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anonymous
 5 years ago
when using the dividend discount model it gives us immediately the price per share.Why don't we take options into account given that option holders might have a claim on future dividends?
anonymous
 5 years ago
when using the dividend discount model it gives us immediately the price per share.Why don't we take options into account given that option holders might have a claim on future dividends?

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anonymous
 5 years ago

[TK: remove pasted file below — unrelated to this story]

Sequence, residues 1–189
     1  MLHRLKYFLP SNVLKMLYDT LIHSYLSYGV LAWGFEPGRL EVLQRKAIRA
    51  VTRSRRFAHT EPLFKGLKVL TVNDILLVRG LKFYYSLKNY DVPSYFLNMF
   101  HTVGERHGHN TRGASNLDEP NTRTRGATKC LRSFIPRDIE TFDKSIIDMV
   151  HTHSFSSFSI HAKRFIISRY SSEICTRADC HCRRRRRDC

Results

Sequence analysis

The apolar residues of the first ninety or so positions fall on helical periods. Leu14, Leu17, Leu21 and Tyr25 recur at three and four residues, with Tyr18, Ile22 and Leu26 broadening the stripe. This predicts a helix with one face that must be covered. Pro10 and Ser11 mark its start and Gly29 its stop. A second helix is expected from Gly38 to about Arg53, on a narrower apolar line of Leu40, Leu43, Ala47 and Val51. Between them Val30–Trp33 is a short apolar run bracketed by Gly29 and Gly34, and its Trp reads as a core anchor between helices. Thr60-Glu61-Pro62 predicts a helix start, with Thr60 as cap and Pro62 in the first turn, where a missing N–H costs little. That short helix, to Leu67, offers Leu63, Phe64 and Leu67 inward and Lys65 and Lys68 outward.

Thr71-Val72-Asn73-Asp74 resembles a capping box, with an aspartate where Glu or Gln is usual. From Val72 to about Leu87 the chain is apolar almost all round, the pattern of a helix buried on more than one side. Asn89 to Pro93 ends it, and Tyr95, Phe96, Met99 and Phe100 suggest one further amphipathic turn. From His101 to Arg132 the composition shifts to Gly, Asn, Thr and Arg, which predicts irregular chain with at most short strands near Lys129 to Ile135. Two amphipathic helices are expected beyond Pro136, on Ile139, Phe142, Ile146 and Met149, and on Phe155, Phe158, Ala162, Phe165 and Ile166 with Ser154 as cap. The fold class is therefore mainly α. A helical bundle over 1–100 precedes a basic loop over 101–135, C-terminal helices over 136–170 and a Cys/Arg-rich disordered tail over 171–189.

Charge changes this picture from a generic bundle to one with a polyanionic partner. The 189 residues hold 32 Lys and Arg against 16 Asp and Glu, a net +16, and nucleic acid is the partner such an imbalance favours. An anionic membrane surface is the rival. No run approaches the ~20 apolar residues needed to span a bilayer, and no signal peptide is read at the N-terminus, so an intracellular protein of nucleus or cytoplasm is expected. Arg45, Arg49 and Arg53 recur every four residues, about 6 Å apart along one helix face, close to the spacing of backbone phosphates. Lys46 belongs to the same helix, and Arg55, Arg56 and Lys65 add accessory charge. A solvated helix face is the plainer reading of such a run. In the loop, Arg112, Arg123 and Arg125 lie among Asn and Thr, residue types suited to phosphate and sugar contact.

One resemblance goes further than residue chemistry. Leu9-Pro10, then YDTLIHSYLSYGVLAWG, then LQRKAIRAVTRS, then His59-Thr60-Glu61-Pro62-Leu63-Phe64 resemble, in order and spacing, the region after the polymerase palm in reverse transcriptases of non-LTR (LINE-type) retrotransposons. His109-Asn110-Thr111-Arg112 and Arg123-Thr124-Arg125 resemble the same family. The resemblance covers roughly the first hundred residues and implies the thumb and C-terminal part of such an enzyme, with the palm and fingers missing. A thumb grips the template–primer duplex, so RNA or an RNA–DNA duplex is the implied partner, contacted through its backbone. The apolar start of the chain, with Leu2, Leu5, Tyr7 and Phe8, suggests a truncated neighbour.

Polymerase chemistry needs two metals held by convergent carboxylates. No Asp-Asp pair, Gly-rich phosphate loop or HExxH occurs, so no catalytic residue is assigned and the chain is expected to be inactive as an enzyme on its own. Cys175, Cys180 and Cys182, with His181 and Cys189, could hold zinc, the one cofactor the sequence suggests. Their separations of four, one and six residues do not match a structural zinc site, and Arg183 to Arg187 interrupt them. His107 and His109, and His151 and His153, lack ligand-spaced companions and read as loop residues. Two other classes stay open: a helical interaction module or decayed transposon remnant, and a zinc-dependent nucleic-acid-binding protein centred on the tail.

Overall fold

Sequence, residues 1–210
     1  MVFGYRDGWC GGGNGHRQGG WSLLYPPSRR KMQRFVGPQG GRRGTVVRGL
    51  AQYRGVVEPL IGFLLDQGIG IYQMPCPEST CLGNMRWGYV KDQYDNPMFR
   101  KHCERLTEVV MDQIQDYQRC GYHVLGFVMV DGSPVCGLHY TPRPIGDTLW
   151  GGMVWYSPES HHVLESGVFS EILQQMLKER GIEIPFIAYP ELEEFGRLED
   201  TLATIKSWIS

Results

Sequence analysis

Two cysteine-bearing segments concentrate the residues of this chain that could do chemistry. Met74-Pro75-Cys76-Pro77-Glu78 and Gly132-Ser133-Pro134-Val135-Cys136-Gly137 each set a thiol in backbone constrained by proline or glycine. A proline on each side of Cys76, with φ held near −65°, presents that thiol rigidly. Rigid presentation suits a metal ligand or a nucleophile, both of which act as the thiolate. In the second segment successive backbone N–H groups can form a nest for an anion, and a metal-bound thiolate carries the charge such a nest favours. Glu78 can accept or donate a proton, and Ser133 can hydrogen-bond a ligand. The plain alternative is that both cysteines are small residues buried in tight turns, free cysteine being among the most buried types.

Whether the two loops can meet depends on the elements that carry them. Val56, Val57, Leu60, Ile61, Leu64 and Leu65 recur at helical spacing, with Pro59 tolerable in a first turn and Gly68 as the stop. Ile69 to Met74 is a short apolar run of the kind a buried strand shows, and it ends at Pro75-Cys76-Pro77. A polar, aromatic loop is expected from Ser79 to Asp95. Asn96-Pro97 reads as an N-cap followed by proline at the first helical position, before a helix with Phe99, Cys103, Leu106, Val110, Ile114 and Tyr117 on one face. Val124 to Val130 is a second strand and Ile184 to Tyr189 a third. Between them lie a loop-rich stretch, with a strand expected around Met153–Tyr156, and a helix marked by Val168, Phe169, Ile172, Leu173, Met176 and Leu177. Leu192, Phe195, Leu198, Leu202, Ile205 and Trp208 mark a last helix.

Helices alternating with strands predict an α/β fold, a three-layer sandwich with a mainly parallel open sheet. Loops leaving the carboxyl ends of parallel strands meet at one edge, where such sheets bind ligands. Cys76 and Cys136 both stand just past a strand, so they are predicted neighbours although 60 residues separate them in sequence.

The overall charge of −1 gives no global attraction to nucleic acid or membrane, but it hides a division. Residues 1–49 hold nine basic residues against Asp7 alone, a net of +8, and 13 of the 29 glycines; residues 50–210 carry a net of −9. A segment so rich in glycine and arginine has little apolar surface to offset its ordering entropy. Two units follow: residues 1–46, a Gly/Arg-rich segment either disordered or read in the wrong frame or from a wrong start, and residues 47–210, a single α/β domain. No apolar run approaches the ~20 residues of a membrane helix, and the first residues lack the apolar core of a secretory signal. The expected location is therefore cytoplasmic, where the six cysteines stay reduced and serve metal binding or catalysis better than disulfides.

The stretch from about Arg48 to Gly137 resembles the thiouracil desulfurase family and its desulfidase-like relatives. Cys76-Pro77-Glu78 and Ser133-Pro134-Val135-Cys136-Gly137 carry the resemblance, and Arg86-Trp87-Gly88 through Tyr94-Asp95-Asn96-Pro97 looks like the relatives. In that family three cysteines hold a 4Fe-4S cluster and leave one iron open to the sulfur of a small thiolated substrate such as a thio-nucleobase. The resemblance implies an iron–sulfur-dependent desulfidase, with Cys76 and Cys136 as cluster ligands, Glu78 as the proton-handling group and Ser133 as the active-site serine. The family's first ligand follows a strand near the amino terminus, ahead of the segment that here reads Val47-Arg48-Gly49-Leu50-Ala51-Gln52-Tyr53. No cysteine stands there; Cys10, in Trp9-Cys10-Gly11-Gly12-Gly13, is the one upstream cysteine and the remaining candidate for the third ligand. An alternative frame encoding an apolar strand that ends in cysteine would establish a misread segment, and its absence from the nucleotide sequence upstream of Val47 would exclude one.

Best ResponseYou've already chosen the best response.0Are you discounting dividends per share or aggregate dividends? If aggregate dividends, then your model gives you the aggregate market cap of the firm, which will be shared among all equity holders including option holders. You can use other methods to calculate the value of any options and warrants and subtract this from total market cap to get the value of shares outstanding. If you are discounting dividends per share, then your dividend growth rate should take into account, implicitly or explicitly, the issuance of additional shares underlying options and warrants, and their dilutive impact on dividends per share. If the dividend growth rate you are using is based on historical trends or averages, then it probably includes some dilution from options that are exercised each year.
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